1 Kings 2, Hosea 5-6, 1 Timothy 6

Read 1 Kings 2, Hosea 5-6, and 1 Timothy 6.

This devotional is about 1 Kings 2.

In today’s passage, David formally passed the baton of leadership to his son Solomon, the one God had chosen to be David’s successor as king. Along with the privilege of becoming king, Solomon would now bear the responsibility of leading the nation. David began, therefore, by charging him to take his responsibility seriously, with the maturity of a man (v. 2). That meant living in obedience to God’s word as recorded in the law of Moses (v. 3). If Solomon would lead that way, David explained that he would “prosper in all you do.” It was a reminder of God’s covenant promise of blessing to those who obeyed his word.

David finished the first part of his instruction by reminding Solomon of the Davidic covenant; namely, the Lord had promised an unbroken line of succession on Israel’s throne to David’s family if they lived in faithful obedience to the Lord (v. 4). No pressure or anything, Solomon, but you’d hate to be the first and only successor to David, the one who messed up an eternal covenant.

Having charged Solomon with the important principles of serving as king, David turned now to some unfinished business. He charged Solomon to:

  • punish Joab for his ruthless killings (vv. 5-6).
  • reward the descendants of Barzillai (isn’t that a brand of pasta?) for their loyalty to David (v. 7).
  • deal with Shimei son of Gera (vv. 8-9). More on him in a few paragraphs.

Before dealing with family business, however, Solomon was confronted with an immediate challenge to his rulership. Solomon’s brother Adonijah, the very one who tried to take a shortcut to the throne back in chapter 1, requested Solomon’s permission to marry David’s, um, platonic companion Abishag the Shunamite (vv. 12-21, see 1 Kings 1:1-4). Adonijah even used Solomon’s own mother, Bathsheba, to make the request. Maybe she was just a kind-hearted soul or maybe she was not the sharpest knife in the drawer, but somehow she did not see what a dangerous move this was politically.

Solomon did see the danger, however (v. 22), and had Adonijah killed (vv. 23-25). Although Abiathar the priest had supported Adonijah in chapter 1, Solomon was gracious to Abiathar, letting him live out of respect to his service to the Lord (v. 26), though removing him as priest. That move, incidentally, fulfilled God’s prophecy to Eli (v. 27).

Finally, Solomon executed Joab (vv. 28-35). That action both fulfilled David’s charge to Solomon (cf. vv. 5-6) and brought punishment on Joab for backing Adonijah.

Finally, Solomon turned his attention to Shimei. You will remember that Shimei was from the same tribe as Saul and that he cursed David as David was fleeing Jerusalem from Absalom (cf. 2 Samuel 16). David had mercy on Shimei, both at the time he cursed David (2 Sam 16:8-13) and when David returned to power after defeating Absalom (2 Sam 19:9-12). Although David had been merciful to Shimei for many years, David had not forgotten what Shimei did. That’s why he commanded Solomon to deal with him (vv. 8-9).

Some have argued that David carried a grudge against Shimei but that he held off on following through on that grudge during his lifetime. I’m not sure I agree that David held a grudge, but he certainly remembered him. By waiting until Solomon was king and then charging Solomon to deal with Shimei, David was appealing to the king for justice. It is the responsibility of a king to deal justly with people. David had a legitimate complaint with Shimei. While he was king, however, if he were to deal with Shimei himself, David risked losing the confidence of the people by acting (or appearing act) in vindictiveness and cruelty.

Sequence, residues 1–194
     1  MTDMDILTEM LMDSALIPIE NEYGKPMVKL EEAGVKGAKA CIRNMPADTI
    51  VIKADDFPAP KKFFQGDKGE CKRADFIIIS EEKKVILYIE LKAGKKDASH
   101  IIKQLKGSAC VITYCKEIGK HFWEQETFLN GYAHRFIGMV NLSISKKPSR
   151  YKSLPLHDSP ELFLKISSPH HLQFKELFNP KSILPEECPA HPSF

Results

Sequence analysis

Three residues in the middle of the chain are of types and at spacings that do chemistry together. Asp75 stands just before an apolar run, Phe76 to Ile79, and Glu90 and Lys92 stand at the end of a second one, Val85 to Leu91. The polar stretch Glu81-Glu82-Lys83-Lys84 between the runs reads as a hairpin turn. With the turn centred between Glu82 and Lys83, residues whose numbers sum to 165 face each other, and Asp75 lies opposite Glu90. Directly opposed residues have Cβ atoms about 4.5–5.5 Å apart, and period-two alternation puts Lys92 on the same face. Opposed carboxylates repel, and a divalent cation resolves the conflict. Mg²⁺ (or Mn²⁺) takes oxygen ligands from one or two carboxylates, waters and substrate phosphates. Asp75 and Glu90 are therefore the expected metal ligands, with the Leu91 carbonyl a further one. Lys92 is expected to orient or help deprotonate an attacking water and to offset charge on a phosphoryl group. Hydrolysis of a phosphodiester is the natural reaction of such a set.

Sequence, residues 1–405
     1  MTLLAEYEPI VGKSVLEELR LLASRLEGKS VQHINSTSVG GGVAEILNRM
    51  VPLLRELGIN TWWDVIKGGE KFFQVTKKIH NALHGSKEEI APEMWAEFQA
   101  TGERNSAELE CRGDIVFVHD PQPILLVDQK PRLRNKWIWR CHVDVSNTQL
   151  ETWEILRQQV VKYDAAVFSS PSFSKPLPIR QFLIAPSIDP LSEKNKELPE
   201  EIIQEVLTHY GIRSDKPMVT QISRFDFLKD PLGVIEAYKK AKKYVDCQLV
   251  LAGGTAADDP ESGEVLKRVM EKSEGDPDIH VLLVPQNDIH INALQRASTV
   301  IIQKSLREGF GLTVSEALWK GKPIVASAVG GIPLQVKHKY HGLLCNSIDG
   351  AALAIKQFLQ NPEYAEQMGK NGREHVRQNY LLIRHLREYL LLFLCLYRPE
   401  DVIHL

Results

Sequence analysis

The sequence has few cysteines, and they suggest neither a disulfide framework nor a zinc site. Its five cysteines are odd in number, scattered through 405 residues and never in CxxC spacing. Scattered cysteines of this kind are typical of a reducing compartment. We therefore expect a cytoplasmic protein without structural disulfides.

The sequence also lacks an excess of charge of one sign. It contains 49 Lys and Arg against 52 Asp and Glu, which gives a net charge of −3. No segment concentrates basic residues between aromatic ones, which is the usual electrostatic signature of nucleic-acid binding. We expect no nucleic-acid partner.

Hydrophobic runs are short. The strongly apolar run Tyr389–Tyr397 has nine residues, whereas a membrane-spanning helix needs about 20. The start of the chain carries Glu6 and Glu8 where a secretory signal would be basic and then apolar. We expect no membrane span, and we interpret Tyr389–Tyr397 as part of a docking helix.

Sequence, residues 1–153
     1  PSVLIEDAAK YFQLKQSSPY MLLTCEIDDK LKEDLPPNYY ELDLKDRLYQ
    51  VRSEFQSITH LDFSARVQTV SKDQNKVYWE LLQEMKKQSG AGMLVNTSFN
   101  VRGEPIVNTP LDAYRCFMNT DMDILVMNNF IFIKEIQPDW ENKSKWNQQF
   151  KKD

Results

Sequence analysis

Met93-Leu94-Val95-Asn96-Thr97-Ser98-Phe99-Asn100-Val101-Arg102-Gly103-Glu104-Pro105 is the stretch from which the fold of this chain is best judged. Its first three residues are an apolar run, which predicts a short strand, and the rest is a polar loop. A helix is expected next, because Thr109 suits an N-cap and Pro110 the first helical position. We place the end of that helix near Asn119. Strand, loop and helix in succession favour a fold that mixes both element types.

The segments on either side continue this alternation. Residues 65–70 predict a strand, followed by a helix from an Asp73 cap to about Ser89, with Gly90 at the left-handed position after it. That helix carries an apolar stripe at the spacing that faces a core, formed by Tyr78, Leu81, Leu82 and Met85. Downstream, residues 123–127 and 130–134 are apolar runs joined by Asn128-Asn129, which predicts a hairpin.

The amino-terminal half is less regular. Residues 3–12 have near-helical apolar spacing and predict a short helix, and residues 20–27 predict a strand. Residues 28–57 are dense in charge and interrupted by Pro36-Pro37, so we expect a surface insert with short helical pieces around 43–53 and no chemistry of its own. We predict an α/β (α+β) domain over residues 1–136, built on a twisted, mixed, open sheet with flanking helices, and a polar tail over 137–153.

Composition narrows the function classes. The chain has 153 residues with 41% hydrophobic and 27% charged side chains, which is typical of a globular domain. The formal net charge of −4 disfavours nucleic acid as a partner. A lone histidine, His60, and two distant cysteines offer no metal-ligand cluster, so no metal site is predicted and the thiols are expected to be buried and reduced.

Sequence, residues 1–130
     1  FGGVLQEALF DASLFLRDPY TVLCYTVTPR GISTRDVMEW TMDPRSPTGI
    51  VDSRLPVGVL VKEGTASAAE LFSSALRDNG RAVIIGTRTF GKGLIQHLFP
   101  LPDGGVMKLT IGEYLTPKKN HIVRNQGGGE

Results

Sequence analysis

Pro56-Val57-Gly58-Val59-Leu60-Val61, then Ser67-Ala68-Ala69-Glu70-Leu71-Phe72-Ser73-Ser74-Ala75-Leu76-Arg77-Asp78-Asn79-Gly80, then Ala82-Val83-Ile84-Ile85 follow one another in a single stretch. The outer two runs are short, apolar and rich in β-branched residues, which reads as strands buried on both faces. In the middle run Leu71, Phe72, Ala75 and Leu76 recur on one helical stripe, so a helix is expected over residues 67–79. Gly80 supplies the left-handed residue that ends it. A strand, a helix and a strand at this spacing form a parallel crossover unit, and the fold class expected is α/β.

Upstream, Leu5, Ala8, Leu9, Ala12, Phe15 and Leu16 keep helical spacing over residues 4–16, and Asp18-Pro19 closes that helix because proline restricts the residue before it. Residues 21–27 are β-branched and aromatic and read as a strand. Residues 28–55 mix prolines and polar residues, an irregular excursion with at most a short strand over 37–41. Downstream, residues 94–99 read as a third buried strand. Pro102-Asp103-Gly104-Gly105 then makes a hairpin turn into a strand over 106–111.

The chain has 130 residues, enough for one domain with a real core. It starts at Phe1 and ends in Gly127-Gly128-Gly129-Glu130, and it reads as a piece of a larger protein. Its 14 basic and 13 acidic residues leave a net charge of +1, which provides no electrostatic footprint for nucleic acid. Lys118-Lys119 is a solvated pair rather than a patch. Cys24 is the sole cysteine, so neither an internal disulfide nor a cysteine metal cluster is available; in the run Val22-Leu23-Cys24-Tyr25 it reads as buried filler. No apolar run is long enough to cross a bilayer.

So instead of being the plaintiff and judge in Shimei’s case, David waited until there as a king–namely Solomon–that David could contact about his case. So what we have here, as I see it, is an appeal for justice from David to King Solomon. David recused himself during his lifetime and administration as king. When David’s rulership effectively ended, it was appropriate for David to ask the next king for justice, even if the next ruler was his own son.

Like his father before him, Solomon was gracious to Shimei, allowing him to live under a sort of house arrest (vv. 36-38) in Jerusalem. But, when Shimei broke Solomon’s rule, Solomon did what he promised David he would do—he took Shimei’s life.

I see David’s instructions and Solomon’s actions here as not vindictive but as merciful. They gave Shimei time to live and repent as well as space to live and work in. It was only after Shimei broke those very reasonable rules that justice fell on him.

The passage leads me to think about Jesus’ command to love our enemies. Whenever life is unfair and seemingly unjust to so, Christ commanded us to commit our cause to God and to expect him to repay. Sometimes God’s work of justice may be accomplished through the human justice system and that may take a long time. David’s patience and the way he went about getting justice through the next king provides us with an example to follow.

Have you been treated unjustly? Have you sought to deal with that injustice in a way that loves your enemies, treating them with mercy when there is repentance but committing the matter to God and appropriate human leaders?

Or, are you seeking revenge of some kind on your own? Follow David’s example to glorify God in your life.